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Studies in Logic, Grammar and Rhetoric

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Critical thinking -- Study and teaching, Concept learning


International mobility among graduate students of law presents unique challenges for the teaching and learning of Legal English. Master of Laws (LL.M.) students, for example, often bring both prior legal training and professional experience from their home jurisdiction to their graduate studies abroad. Taking a closer look at the experience of these students as they engage with genres associated with another legal system provides insight into broader issues of intersections between language and content in English for Legal Purposes. This article draws on case studies of four LL.M students from China and Saudi Arabia, a civil law jurisdiction and an Islamic law jurisdiction, respectively, as they learn to read and write common law genres in the United States. Considering students’ experiences with these texts, the article outlines a potential framework for understanding the role of disciplinary concepts in second language legal literacy development. Specifically, the article elaborates a tentative taxonomy for disciplinary concepts that distinguishes between discourse-relevant concepts and discourse-structuring concepts in considering the interaction between language and content in ESP and CLIL for law.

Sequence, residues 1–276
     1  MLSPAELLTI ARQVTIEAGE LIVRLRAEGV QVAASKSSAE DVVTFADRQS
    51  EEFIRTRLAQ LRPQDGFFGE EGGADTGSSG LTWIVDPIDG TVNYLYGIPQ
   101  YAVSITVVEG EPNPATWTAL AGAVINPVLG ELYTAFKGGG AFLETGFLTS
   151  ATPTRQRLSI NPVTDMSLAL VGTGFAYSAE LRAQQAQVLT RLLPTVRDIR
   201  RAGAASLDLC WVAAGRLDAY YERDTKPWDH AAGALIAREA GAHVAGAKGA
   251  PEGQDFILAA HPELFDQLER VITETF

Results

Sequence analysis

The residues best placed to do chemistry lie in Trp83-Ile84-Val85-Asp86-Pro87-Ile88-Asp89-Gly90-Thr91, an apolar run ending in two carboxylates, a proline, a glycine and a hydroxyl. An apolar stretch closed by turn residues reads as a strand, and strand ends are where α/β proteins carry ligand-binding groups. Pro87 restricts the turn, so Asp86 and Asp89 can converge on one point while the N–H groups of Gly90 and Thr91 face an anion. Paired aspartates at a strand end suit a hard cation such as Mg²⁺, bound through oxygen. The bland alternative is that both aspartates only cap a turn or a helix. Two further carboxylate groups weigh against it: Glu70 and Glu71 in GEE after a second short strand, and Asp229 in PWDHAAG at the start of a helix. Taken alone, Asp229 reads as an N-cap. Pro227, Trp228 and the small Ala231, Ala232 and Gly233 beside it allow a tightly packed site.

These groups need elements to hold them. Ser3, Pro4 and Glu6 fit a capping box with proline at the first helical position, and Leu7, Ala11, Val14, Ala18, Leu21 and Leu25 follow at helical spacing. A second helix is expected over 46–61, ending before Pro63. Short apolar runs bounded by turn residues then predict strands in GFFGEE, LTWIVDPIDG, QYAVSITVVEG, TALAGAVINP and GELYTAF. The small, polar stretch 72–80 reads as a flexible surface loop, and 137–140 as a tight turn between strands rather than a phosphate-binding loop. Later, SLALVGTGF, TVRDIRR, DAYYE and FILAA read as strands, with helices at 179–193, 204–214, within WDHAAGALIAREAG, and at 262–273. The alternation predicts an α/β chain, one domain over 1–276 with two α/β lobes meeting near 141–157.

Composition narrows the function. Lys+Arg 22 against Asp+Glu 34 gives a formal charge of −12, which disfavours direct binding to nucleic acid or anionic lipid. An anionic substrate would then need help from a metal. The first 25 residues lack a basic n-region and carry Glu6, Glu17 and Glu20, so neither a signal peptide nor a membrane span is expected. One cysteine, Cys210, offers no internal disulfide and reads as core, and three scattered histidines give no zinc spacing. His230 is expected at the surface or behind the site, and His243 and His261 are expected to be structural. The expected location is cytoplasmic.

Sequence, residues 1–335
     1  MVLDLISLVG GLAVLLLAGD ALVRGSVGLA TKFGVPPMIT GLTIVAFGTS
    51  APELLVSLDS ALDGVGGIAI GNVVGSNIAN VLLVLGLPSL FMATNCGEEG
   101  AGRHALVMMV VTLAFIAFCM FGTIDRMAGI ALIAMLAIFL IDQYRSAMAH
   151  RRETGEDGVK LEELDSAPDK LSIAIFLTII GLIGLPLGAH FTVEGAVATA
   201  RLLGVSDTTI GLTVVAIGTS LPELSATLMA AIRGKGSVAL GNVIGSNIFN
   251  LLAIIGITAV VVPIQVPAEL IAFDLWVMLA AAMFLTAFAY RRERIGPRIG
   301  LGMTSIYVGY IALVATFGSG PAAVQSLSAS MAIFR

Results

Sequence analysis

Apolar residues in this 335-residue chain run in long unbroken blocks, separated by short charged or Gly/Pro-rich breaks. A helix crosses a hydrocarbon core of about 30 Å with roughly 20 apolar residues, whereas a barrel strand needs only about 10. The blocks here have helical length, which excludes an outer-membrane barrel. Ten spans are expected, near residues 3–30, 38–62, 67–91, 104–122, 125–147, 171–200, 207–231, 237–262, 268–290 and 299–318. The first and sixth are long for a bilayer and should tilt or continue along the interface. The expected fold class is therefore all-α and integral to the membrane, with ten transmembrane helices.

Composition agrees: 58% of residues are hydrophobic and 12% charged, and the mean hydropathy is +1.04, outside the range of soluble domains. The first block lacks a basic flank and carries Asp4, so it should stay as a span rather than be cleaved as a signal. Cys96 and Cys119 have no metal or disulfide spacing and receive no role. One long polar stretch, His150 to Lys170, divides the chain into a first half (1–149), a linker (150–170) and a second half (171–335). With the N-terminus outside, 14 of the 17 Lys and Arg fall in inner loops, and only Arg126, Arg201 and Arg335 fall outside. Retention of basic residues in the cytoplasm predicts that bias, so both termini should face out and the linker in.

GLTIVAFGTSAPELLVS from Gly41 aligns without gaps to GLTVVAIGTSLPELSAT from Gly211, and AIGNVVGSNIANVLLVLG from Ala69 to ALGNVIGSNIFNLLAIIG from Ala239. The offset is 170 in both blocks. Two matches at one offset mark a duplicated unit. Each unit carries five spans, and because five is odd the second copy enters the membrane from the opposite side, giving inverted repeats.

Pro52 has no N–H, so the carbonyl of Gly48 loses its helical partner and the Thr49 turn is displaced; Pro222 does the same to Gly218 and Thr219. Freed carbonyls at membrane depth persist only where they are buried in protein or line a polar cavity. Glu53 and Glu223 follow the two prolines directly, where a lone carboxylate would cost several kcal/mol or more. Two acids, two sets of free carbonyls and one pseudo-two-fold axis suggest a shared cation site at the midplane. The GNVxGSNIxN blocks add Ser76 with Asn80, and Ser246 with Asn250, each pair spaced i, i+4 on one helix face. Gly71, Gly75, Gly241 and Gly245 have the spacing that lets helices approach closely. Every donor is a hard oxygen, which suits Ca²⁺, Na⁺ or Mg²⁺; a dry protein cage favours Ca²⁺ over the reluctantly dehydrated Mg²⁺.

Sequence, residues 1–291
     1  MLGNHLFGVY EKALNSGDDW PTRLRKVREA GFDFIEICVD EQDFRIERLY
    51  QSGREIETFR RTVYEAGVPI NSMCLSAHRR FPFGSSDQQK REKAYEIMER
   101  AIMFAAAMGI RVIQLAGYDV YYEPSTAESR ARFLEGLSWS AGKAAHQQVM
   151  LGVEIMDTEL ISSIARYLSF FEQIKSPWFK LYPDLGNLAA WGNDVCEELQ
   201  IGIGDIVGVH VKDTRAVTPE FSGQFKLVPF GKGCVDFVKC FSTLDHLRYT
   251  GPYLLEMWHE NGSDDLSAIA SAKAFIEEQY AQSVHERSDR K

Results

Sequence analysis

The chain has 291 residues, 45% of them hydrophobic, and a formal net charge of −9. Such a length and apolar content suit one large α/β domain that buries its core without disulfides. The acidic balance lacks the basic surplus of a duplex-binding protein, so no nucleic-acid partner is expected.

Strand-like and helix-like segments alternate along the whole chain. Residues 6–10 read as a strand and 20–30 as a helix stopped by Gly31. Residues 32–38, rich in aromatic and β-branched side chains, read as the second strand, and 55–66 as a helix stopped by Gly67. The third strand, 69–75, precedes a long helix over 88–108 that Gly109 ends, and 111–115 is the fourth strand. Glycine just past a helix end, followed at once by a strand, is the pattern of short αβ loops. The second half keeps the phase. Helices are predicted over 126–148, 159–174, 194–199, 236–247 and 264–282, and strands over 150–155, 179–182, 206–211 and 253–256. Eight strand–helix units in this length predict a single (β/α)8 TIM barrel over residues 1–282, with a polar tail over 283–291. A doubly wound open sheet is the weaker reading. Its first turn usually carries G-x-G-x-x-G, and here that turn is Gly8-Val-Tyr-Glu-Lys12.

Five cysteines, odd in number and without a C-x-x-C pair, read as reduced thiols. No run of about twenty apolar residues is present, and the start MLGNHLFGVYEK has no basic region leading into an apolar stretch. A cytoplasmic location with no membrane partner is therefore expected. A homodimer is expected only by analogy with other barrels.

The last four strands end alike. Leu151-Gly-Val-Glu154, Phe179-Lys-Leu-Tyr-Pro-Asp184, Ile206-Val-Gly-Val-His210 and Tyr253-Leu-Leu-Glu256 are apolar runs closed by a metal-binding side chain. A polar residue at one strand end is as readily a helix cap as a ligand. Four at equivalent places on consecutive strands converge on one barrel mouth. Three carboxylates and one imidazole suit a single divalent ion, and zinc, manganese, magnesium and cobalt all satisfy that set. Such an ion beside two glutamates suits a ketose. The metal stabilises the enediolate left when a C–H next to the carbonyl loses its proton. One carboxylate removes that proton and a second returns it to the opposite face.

Article is published under a Creative Commons Attribution-NonCommercial-NoDerivatives license.


Article was published in Studies in Logic, Grammar and Rhetoric, Volume 45, Issue 1 and is available online:



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